Attitude to Russia from Ukraine and Georgia: Find the difference

Russians visiting the capital of Ukraine are sometimes surprised that the vast majority of local residents, especially in Kiev, communicate with each other exclusively in Russian. Here lies the first striking difference with Tbilisi where most of young people do not know the Russian language and the older generation uses it infrequently.

This is confusing for many Russians. They believe that if people speak Russian and think in that language it means that they will undoubtedly be pro-alliance with Russia. However, when it comes to the political preferences of Kiev residents, it is quite the opposite. The paradox is that the majority of Russian-speaking residents of Kiev are in favor of the maximum distancing from Russia, they are pro "European choice" of Ukraine. They tend to blame Russia of all deadly sins, and some consider it a hostile country. Even during elections they vote for ultra-nationalist parties and candidates who are rabidly russophobic. The percentage of those who favor closer rapprochement with Russia in Russian-speaking Kiev will be much lower than in the Georgian-speaking Tbilisi.

Thus, we can speak of the existence of the Russian-speaking, anti-Russian community in Ukraine. This community is not only large, but also extremely powerful. There are no Ukrainian - speaking people in the narrow circle of the most powerful people in Ukraine who control the economy, security services, ministries and departments. Nearly all the elite speak exclusively Russian among themselves, leaving Ukrainian only for "official" appearances. However, its anti-Russia and anti-Russian policy actions are the reality.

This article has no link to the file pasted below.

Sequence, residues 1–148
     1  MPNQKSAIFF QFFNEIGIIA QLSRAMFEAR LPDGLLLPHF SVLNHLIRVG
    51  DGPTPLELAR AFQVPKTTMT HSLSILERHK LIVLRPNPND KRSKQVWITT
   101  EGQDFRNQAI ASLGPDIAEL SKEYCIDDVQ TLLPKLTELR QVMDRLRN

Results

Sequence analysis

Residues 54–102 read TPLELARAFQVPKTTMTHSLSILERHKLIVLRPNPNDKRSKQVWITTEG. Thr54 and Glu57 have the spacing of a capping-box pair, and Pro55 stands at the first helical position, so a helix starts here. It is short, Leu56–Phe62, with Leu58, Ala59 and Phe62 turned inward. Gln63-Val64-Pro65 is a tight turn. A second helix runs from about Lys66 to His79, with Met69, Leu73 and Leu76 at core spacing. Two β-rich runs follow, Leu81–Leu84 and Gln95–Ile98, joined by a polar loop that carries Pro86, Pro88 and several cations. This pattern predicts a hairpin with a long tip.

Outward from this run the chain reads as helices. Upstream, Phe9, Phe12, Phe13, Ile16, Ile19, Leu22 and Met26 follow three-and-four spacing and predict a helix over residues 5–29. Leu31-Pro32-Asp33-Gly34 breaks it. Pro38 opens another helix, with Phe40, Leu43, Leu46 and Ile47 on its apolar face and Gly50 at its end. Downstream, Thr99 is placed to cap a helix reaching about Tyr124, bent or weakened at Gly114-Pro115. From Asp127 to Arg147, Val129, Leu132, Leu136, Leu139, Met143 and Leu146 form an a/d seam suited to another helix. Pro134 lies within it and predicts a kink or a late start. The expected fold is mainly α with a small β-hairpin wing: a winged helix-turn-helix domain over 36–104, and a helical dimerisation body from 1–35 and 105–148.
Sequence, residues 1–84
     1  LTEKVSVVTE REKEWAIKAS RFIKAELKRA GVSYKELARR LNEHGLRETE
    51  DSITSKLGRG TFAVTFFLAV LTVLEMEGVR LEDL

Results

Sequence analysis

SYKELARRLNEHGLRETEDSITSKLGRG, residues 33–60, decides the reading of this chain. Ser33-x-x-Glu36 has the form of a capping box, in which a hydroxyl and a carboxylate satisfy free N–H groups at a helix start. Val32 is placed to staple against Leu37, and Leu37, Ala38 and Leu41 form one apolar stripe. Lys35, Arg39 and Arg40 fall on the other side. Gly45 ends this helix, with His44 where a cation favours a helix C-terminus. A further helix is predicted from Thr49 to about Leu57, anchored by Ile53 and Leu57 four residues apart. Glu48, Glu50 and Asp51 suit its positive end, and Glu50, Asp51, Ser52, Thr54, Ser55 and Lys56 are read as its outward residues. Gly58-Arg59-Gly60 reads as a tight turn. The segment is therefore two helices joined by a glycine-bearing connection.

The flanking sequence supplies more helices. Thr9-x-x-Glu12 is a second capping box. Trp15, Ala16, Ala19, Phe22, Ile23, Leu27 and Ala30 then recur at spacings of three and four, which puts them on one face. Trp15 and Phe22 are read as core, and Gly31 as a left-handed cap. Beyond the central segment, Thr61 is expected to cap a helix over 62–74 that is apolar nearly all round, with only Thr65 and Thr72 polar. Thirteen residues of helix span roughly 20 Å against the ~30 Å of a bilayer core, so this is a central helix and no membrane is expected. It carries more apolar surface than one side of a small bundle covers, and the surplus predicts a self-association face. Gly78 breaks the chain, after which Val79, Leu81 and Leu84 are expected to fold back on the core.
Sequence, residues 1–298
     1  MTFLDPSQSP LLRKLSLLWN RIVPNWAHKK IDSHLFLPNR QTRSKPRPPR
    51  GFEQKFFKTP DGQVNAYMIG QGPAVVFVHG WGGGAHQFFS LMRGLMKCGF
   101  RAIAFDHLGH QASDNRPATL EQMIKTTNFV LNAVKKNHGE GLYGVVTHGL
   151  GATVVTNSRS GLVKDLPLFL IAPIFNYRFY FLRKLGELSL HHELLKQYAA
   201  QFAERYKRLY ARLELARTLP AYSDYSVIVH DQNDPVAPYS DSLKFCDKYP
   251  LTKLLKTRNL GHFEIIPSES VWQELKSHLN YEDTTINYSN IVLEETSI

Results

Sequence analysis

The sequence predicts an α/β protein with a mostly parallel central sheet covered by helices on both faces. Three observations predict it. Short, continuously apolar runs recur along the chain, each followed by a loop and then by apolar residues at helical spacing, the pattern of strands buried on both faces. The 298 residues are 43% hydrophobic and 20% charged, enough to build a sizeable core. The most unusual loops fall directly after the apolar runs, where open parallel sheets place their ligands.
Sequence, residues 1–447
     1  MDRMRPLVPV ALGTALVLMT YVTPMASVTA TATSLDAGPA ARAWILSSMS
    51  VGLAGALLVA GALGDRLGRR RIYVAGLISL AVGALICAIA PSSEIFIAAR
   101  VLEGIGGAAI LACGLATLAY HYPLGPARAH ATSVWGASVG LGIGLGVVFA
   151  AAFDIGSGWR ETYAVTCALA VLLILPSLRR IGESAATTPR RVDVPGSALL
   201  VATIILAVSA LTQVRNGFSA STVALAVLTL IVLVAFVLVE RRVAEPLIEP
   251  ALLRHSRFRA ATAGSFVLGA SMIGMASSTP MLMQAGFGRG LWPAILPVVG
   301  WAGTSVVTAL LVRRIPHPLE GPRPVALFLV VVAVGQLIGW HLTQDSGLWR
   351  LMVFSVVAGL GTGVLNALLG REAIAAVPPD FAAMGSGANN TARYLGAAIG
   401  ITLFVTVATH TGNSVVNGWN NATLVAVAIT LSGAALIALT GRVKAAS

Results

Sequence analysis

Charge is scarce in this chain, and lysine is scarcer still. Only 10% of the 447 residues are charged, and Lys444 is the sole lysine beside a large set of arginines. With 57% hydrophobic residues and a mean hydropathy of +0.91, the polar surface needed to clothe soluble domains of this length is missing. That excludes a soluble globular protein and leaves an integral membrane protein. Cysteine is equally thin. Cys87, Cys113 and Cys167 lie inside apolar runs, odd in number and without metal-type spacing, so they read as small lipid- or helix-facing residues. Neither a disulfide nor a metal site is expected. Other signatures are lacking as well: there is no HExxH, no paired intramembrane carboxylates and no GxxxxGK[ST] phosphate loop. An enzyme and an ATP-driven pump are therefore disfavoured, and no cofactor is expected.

Mikhail Pogrebinsky, a well-known Ukrainian political analyst, explained this phenomenon:

"Ukraine today is turning into "another Russia" before our eyes. This is a country that communicates in Russian and even has a Russian mentality, but is fundamentally different in terms of geopolitical orientation. This is Russia where in some way "European" values ​​and European system fundamentally different from the Russian Federation in terms of culture have been introduced. There is no point in making "third Russia" out of Georgia, at the very least because it is not a Russian-speaking country. Despite the praises of Saakashvili's reforms by Moscow liberals, Georgia has not become a role model for the Russian public opinion."

Such "other Russia" free of great imperial power, "Russia-light" so to speak, represents great interest primarily for the West that does not want the reintegration of Ukraine and Russia into a new superpower. From the above, it becomes clear why the West is now so interested in signing the Association Agreement EU-Ukraine and at the same time doing everything possible to avert the Ukrainian elite from the integration of Ukraine into the Customs Union. In this case the prospect of "Great Russia" reemerges on the horizon, and the project of making "Russia-Light" from Ukraine will not be successful. Michael Pogrebinskii believes that if the Ukrainian project "other Russia" is implemented, it will be an example for the Russian Federation and its elite. It will be an example of the well living country that has become part of the European Community after rejecting its geopolitical ambitions.